I’ve been meaning to do a tutorial on how to do a crowd scene illustration, and in late November (2008) I was assigned a tough one for MAD that I thought afforded the opportunity to demonstrate how to approach and execute a crowd scene. In consideration of that thought, I saved conceptual sketches and stages of this particular job for MAD so I could use them to illustrate how I go about constructing a crowd scene.

Design and Layout

Crowd scene or no, the first step is the same as it is for any job… identify the object or end result desired and consider the most effective way to visually accomplish that result. If that means a crowd scene, then in most cases the scene itself is a means to that end. What I mean is that the crowd scene is merely the vehicle to deliver the message and/or the main focus of the illustration. There are key areas of the scene, those that deliver the main purpose of the illustration, which need to be incorporated into the greater whole in such a way that they act like individual spot illustrations throughout the busy main scene. Effectively they act like panels of a comic book page, drawing the reader’s eye across the image. The trick is to blend these areas into the larger illustration but still make them “stick out” is some fashion so they are understood to be more important that the surrounding imagery. I call these elements “principals”. You design your entire image around these principals, setting them up in the layout first and then adding the “secondaries” or “filler” in around them. This simplifies your layout because at first you just ignore the rest of the scene and concentrate on placing the principals.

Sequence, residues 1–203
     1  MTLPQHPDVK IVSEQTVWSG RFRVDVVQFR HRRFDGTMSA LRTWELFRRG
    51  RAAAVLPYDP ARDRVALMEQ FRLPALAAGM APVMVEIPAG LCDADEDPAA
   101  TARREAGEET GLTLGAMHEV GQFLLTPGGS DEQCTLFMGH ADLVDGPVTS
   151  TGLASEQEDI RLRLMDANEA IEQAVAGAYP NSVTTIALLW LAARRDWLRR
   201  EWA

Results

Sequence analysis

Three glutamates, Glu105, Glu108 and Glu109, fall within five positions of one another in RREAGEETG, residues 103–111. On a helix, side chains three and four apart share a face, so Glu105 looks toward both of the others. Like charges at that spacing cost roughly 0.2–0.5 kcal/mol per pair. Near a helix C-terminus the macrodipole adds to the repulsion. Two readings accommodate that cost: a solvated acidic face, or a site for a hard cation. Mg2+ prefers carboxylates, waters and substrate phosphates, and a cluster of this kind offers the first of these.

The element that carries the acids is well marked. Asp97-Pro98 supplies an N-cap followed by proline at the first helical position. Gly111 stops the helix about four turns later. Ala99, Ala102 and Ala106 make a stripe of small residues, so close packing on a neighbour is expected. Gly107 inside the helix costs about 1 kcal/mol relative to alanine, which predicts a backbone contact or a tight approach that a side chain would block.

The most important part of setting up a crowd scene is establishing the point of view (POV). You need to define this and keep it in mind as you set up the scene, and the POV must serve the goals of the project. In this job for MAD, the two page spread called for a massive crowd scene at Barack Obama‘s inauguration, made up of multiple principals in the form of written gags/word balloons that would span the crowd. MAD‘s original concept was for a POV from the back facing the stage, looking down slightly on the crowd.

inauguration1